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Clayton BOE concerned with test scores

JONESBORO — School board members agreed progress has been made in student performance on college entrance exams but stressed it is just not enough in Clayton County.

Board member Michael King was most vocal about results from the College Board’s 2013 SAT exam.

During Monday’s work session, King pointed out the average scores for test-takers in Clayton County Public Schools were far below averages in other large metro Atlanta districts.

Clayton students scored an average 1,271 out of 2,400 points on the SAT, compared to the statewide average of 1,452 and the 1,498 national average, according to data from the Georgia Department of Education.

In contrast, the data revealed Atlanta Public Schools averaged 1,335. The Cobb County School District averaged 1,515. The DeKalb County School System scored an average 1,341 points. Gwinnett County Public Schools averaged 1,513, and Fulton County Schools scored 1,567.

An emphatic King questioned students’ college readiness, saying the district’s average SAT scores reflect a student body that is not as prepared as others in the region.

Although most schools in the district experienced improved performance on the SAT overall, the district as a whole remained below the state average score — by nearly 200 points.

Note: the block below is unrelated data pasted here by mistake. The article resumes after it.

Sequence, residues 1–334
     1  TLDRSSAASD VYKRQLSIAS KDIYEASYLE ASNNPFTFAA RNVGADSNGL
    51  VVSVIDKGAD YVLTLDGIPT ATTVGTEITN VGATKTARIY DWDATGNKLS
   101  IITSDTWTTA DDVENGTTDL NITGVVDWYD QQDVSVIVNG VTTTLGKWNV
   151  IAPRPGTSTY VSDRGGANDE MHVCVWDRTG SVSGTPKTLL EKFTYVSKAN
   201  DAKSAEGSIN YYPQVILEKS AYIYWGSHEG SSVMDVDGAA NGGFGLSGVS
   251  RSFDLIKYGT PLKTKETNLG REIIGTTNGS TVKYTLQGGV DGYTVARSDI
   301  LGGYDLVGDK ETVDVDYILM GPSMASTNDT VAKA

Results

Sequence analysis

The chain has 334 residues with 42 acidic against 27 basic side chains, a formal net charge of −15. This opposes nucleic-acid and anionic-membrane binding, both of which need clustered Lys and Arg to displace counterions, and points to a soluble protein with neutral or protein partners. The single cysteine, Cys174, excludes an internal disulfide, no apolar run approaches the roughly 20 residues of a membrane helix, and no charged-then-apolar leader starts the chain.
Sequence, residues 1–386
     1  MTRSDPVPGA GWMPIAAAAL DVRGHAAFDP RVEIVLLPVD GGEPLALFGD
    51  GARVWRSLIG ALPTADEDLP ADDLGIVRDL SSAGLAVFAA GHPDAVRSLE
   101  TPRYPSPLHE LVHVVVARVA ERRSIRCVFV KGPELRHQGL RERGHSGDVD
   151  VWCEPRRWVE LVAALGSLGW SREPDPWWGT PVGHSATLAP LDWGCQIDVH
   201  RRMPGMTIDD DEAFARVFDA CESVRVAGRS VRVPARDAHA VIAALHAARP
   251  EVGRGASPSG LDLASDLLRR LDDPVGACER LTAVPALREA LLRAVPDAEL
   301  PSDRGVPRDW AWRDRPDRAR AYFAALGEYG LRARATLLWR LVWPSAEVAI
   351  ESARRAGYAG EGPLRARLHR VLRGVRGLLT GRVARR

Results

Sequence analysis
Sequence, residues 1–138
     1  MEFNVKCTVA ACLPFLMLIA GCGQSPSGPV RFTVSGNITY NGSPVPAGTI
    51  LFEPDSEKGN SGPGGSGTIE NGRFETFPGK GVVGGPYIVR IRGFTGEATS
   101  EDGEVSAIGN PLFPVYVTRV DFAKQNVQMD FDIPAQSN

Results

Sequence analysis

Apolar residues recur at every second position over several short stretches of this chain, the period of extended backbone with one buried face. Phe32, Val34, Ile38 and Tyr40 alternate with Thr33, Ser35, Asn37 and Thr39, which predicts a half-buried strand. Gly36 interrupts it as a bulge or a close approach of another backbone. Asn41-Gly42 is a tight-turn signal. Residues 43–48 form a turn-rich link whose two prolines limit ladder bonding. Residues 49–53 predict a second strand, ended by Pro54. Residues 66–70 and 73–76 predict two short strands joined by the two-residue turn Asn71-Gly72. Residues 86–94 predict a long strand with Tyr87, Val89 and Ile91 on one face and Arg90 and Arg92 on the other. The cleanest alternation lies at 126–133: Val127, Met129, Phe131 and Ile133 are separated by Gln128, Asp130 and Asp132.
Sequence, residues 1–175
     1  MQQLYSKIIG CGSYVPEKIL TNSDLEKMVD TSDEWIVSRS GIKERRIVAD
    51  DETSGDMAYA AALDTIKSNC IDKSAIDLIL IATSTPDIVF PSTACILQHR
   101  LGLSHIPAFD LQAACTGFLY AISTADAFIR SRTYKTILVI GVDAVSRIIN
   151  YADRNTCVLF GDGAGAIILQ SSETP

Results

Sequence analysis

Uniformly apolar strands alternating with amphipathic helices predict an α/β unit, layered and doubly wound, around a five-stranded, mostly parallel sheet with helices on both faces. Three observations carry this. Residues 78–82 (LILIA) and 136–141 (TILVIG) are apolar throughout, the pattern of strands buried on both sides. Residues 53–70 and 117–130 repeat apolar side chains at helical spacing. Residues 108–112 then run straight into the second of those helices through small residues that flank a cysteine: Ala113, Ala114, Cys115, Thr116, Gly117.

Each of the eight board members at the work session responded with concerns about student achievement, offering up their own suggestions from more regular testing and monitoring to giving teachers more autonomy.

“This is a conversation we need to have,” board member Jessie Goree said.

The board debated how administrators and teachers interpret state standards and use them to teach in the classroom.

Superintendent Luvenia Jackson said the standards are necessary in improving achievement.

“If you’re going to have a great lesson — not a good lesson, but if you’re going to have a great lesson — then every lesson should have all these components,” Jackson said, adding that administrators will be able review the results of the SAT and future national standardized exams like the ACT and the PSAT to determine in which areas students need the most help.

Officials said students will take the PSAT later this month.